Don’t Keep Score in the Arena of Ideas

Working collaboratively can be incredibly rewarding, and if done well will often lead to great results. It can also be very frustrating depending on whose on the team and whose in charge.

A leadership skill that is important to consider for anyone who is responsible for the results of high performance teams is making sure the best ideas not only come to the surface, but that the best ideas win. As the bulk of my career has been spent in investing and the transaction environment, much of my leadership has been around trying to drive toward progress and success in incredibly dynamic environments. And it’s in those types of environments in particular that the best ideas can make or break results.

As a leader, you have likely heard stories of how successful executives give their opinion last in a meeting in order to not stifle other conclusions, ideas or disagreements. This is a great tool which, depending on how much time you have, can lead to great results and growth in other members of the team. It can (and will) also lead to mistakes. But again, depending on what’s at stake, letting someone make a mistake and learn from it can help them grow.

It is likely you have also come across leaders who seem to want to keep score as to which ideas, which contributions, make it into the final decision or work product. They are in fact slighted if at least some of their fingerprint doesn’t end up in the final decision or product. This in my opinion is a mistake and a vestige of a hierarchical mindset, not a mindset where the best ideas win. I offer two specific examples of incredibly successful leaders who have evolved over their careers to take the “best ideas win” approach.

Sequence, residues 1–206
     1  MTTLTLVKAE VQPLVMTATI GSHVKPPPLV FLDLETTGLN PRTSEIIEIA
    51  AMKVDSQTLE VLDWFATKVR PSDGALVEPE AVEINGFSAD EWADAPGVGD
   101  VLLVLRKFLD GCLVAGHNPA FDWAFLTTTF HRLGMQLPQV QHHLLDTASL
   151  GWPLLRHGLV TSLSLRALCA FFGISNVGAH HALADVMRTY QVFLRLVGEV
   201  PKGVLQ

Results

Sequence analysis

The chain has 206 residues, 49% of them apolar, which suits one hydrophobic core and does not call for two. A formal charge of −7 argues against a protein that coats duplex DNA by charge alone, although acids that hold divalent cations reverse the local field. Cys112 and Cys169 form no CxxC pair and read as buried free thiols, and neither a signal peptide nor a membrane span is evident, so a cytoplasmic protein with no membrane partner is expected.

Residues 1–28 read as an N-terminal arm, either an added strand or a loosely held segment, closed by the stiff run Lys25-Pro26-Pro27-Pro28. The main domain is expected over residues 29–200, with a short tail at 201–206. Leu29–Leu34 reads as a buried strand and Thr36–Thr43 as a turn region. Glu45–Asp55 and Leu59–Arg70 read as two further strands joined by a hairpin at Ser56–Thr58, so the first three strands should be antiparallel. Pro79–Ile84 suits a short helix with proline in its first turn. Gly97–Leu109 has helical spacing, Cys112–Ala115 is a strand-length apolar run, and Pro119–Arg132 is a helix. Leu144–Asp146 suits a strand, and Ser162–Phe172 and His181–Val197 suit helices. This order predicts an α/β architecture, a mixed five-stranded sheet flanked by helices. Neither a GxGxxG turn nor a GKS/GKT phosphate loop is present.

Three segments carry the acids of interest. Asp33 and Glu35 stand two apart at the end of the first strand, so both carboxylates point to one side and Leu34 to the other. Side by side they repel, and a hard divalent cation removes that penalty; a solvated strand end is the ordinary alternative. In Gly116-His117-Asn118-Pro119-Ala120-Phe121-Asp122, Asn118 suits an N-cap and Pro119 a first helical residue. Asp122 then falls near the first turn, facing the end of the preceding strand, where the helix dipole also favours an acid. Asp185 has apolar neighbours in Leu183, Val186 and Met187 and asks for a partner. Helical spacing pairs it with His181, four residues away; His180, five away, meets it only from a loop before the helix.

Steve Jobs had the reputation as a dictator early in his career. And he made some damn good decisions – as well as some horrible ones. However, later in his career, he appears to have grown in understanding that if you want the most out of a high performance team, you have to let the best ideas win. In fact in his last interview with Walt Mossberg in 2010, Jobs said If you wanna hire great people and have them stay working for you, you have to let them make a lot of decisions and you have to run be ideas not hierarchy. The best ideas have to win, otherwise good people don’t stay.

Ray Dalio, founder of Bridgewater, one of the worlds most successful hedge funds, uses the term idea meritocracy for the culture at his firm. And Dalio worries a lot about culture. He acknowledges his arena of ideas isn’t for everyone as some have considered the culture brutal. If your ideas don’t stack up, you hear about it. But the best ideas win. As they always should.

So as you continue to evolve as a leader and teammate, and as you continue to strive to build high performance teams that can produce incredible results, hopefully you will keep this maxim in mind. In the arena of ideas, don’t keep score. May the best ideas win. Wherever they come from.